Micronutrient adequacy of women’s diet in urban burkina faso is low.
Sommaire de l'article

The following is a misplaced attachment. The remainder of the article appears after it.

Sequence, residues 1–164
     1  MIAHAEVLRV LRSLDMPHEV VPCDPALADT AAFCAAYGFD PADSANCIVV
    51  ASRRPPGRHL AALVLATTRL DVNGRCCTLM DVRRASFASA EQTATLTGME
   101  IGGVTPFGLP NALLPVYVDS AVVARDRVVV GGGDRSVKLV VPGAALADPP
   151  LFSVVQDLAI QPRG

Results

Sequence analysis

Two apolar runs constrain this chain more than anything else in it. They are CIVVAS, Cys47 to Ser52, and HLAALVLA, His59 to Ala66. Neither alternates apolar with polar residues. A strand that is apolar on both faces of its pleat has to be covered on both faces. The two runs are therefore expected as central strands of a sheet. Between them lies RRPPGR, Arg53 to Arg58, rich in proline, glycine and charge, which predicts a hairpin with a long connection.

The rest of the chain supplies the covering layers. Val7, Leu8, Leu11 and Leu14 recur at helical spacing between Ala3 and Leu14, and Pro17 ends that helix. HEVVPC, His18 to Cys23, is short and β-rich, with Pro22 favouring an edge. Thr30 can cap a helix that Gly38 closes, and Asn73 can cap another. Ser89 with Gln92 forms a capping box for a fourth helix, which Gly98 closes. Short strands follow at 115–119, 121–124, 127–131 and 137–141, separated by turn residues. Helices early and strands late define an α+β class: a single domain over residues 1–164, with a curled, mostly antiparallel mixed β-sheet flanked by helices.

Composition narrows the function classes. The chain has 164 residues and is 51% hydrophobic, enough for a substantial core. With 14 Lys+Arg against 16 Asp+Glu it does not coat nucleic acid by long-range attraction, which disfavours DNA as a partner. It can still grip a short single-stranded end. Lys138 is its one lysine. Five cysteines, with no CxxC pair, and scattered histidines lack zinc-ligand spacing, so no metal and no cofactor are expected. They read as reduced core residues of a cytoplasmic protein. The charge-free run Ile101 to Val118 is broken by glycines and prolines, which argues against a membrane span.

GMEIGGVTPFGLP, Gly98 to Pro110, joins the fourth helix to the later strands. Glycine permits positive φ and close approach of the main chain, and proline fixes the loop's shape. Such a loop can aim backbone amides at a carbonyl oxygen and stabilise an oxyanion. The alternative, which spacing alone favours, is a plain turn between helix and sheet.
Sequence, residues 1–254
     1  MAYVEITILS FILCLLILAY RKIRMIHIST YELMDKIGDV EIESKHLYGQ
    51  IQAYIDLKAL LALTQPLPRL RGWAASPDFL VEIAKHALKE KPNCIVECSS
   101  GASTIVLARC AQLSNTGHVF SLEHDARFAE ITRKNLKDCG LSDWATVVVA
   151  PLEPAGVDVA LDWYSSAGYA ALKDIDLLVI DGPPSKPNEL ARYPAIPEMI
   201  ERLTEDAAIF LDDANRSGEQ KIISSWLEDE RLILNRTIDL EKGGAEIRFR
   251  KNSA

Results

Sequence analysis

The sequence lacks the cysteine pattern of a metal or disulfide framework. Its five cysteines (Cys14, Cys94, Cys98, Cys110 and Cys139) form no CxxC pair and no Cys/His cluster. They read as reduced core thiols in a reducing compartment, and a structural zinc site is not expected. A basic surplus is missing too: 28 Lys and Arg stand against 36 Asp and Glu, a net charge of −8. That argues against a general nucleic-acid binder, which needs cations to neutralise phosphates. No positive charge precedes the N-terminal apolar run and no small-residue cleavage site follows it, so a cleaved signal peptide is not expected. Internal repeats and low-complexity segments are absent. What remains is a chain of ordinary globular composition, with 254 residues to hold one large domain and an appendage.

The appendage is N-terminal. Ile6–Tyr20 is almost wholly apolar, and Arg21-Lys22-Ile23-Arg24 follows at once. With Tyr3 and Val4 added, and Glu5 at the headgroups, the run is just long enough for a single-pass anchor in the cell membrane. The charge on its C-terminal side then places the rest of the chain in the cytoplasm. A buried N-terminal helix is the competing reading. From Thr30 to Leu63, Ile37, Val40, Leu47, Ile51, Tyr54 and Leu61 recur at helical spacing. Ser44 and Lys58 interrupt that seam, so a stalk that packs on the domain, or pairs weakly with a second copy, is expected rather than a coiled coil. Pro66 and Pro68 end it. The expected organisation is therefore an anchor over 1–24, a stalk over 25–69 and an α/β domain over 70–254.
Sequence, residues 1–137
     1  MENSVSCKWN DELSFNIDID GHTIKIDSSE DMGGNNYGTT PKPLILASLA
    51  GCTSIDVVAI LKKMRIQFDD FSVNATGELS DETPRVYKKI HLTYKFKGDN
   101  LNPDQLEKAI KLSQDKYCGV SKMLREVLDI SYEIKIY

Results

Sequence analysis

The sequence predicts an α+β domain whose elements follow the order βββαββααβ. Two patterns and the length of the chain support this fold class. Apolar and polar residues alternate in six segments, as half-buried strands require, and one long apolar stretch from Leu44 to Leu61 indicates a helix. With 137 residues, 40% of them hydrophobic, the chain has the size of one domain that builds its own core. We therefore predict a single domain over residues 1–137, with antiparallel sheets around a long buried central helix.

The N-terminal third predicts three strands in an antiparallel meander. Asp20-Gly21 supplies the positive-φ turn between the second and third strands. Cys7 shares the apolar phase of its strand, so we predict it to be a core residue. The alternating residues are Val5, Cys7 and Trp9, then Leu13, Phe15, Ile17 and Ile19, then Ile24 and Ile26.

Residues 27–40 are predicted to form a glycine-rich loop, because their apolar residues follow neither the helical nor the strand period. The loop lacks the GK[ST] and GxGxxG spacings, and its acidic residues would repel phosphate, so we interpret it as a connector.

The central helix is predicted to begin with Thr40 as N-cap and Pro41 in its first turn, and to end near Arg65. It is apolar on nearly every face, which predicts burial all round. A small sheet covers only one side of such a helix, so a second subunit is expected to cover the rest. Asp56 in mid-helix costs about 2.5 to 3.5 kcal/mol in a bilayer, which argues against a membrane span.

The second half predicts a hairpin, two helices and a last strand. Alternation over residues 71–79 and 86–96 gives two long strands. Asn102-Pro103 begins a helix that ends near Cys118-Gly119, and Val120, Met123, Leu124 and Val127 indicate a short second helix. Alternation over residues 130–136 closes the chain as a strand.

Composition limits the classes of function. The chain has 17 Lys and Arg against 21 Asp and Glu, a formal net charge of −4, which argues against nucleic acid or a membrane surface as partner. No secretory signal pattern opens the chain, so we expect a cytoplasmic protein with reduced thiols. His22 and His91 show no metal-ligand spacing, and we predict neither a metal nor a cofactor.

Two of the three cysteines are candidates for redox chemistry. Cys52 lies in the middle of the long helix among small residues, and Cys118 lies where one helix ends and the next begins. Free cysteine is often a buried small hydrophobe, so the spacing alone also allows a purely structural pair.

In developing countries, urban populations are deemed to have better access to a wider variety of foods than their rural counterparts. Yet, data on micronutrient status are scarce and the impact of urban food consumption behaviors on micronutrient adequacy is not well known. The objective of this study was to assess individual micronutrient adequacy of the diet along with food consumption behaviors of women of reproductive age in Ouagadougou, Burkina Faso. A cross-sectional survey of 182 women was conducted in 2 districts of the city. Nutrient intakes were derived from 3 nonconsecutive quantitative 24-h recalls for each woman. Balance in macronutrients was in the range of recommendations except that mean sugar intake was somewhat high. Mean probability of adequacy across 11 micronutrients was low (0.38). The most problematic micronutrients were vitamin B-12 (only 4% of our sample had sufficient intake), folate (12%), riboflavin (13%), and niacin (20%). Higher intakes of organ meat, flesh foods, vitamin A- and vitamin C-rich fruits and vegetables, and legumes and nuts were significantly associated with lower risk of micronutrient inadequacy. Ready-to-eat foods bought outside the home provided 46% of overall energy intake, 52% of fat intake, and 72% of sugar intake but were not associated with micronutrient inadequacy (P > 0.05). These results highlight the low micronutrient intakes among women of reproductive age in Burkina Faso, even in an urban area.